The Limits Of Hero Worship

John Lewis stood with Martin Luther King in the 1960s. He now sits in the House of Representatives as the Congressman from the 5th District of Georgia. On this Martin Luther King day, it is worthy to note that he is, without question, a civil rights leader deserving of a nation’s appreciation and respect.

But that doesn’t mean his every utterance is above reproach. John Lewis is an elected official, and every elected official should be subject to scrutiny and criticism. It does not diminish his accomplishments, which stand on their own. But his accomplishments do not make him immune from criticism. And criticism of an elected official can come from high or low. Even from another elected official, no matter how incomprehensible it may be, for which he too should be criticized.

The problem isn’t that he was criticized, but what he was criticized for and whether the criticism is sound.

Lewis, D-Ga., told moderator Chuck Todd of NBC’s Meet the Press in an interview set to air Sunday that he does not see Trump as a “legitimate president.”

“I think the Russians participated in helping this man get elected. And they helped destroy the candidacy of Hillary Clinton,” Lewis said. “I don’t plan to attend the inauguration.”

There may well be good reason to question the impact of external influences in Trump’s election, but questioning the legitimacy of the election requires assumptions that cannot, and will never, be provable or proven.* What this assertion does, in an atmosphere as inflammatory as exists today, is undermine the hallmark of our nation, that despite huge, sometimes insurmountable, differences in opinion, we change regimes in a bloodless coup.**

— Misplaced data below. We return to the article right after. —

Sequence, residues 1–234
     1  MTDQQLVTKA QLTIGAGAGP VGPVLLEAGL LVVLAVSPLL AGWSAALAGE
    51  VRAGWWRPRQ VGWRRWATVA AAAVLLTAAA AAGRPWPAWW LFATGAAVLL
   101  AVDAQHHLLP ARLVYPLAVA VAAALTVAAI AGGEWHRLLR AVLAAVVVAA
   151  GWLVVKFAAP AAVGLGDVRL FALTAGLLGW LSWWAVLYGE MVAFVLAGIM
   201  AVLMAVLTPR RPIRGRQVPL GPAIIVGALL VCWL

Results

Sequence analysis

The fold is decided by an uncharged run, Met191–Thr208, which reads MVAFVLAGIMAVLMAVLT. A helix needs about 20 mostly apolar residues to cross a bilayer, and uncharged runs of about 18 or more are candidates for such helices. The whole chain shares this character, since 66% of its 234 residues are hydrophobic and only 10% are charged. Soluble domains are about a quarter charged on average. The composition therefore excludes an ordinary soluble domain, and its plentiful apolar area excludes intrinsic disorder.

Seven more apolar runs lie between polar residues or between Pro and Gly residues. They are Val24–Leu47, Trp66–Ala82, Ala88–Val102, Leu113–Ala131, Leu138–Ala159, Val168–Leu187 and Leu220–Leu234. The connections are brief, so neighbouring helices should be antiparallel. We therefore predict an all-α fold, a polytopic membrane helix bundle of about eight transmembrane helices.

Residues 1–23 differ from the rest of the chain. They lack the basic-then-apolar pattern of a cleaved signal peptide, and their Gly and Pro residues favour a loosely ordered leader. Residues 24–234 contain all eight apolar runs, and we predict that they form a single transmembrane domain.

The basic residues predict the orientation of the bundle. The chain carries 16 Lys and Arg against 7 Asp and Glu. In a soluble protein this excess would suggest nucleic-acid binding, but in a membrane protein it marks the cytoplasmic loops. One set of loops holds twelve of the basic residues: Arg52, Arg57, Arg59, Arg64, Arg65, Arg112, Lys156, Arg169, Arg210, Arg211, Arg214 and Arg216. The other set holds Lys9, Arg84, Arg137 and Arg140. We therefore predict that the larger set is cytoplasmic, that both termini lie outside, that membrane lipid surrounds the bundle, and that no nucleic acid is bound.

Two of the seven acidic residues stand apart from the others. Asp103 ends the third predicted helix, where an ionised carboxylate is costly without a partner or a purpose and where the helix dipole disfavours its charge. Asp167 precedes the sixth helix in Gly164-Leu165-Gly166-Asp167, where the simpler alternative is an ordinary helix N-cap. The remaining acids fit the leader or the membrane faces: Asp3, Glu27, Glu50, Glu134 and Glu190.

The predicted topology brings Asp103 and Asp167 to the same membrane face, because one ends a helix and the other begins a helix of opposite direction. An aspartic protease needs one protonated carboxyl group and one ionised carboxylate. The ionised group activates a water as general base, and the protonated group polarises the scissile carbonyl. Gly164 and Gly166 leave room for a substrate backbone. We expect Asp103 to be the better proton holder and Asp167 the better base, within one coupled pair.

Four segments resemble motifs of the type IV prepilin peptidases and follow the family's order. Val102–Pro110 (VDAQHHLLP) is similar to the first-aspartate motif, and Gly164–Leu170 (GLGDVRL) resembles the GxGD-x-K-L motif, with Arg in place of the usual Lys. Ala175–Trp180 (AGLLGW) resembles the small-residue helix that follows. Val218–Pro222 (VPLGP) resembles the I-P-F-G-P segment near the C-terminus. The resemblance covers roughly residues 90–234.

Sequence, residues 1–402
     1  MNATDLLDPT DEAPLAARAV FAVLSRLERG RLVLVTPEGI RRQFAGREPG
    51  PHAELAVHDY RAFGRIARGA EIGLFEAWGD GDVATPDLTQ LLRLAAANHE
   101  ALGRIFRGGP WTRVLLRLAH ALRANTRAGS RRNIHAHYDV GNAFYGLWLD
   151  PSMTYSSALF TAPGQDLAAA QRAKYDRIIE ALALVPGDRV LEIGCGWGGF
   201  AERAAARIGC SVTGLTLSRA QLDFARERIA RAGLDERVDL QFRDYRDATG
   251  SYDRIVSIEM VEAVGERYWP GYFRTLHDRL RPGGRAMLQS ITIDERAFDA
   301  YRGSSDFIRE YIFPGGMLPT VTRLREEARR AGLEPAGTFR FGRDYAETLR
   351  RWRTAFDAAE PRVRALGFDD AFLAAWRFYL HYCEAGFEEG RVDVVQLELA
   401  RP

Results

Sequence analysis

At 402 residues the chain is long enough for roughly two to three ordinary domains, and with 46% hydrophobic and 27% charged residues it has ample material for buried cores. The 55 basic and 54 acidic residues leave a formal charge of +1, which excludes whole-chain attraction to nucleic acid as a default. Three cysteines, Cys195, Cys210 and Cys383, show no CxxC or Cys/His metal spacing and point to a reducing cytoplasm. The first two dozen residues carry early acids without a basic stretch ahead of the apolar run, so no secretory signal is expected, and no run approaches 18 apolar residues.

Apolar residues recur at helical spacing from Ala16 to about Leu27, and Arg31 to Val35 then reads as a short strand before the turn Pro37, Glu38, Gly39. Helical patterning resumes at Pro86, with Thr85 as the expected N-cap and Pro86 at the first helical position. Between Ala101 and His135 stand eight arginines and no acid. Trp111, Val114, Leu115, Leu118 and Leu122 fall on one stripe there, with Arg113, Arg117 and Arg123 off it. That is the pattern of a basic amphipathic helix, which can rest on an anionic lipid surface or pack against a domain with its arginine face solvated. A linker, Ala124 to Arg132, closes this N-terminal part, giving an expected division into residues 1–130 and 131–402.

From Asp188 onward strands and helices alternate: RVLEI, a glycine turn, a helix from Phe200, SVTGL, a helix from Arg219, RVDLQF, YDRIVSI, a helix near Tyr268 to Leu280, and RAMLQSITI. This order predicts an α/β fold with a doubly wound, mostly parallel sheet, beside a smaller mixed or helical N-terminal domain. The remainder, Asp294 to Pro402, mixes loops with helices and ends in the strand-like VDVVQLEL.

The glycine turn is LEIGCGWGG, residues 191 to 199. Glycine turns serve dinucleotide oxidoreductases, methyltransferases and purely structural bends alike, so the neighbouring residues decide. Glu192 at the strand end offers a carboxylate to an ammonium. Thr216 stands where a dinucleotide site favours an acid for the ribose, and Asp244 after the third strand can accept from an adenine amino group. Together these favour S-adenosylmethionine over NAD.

Lewis doesn’t have to attend the inauguration if he doesn’t want to. No one does. And if, as many believe, Trump is the least qualified person to hold the office, they should protest his election and challenge him and his administration. This is part of how our democracy works.

But does Lewis suggest that, for the first time in American history, the office of president will be held by someone who failed to be elected, who is not legitimate? That’s what he says.

Whether Russia acted to influence the election is a fair question, but even if they did, it does not mean Trump would not have won anyway, or that his election was the product of Russia’s influence. Indeed, there have been shenanigans in past elections (remember hanging chads?), and in this one (remember Donna Brazile’s revealing debate questions to Clinton?). These are all reasons to question propriety, and to address problems in the hope they won’t happen again.

But legitimacy? If Trump is not the legitimate president, then his actions as president can be ignored, refused to be accepted. After all, if he is not entitled to the office, then nothing he does as president is entitled to respect. And the whole misadventure of the election, of the tripartite government, falls into meaninglessness.

The response by Trump to Lewis’ assertion was, without doubt, inappropriate and idiotic.*** The reply to Trump’s twits wasn’t much better.

“Ahead of #MLKday2017, let us remember that many have tried to silence @repjohnlewis over the years. All have failed,” House Minority Leader Nancy Pelosi, D-Calif., tweeted.

That this happened “ahead of” Martin Luther King Day is irrelevant. It happens when it happens. Had Lewis said this a month earlier, it would have been addressed then. A week later and it would have been “shortly after” MLK Day.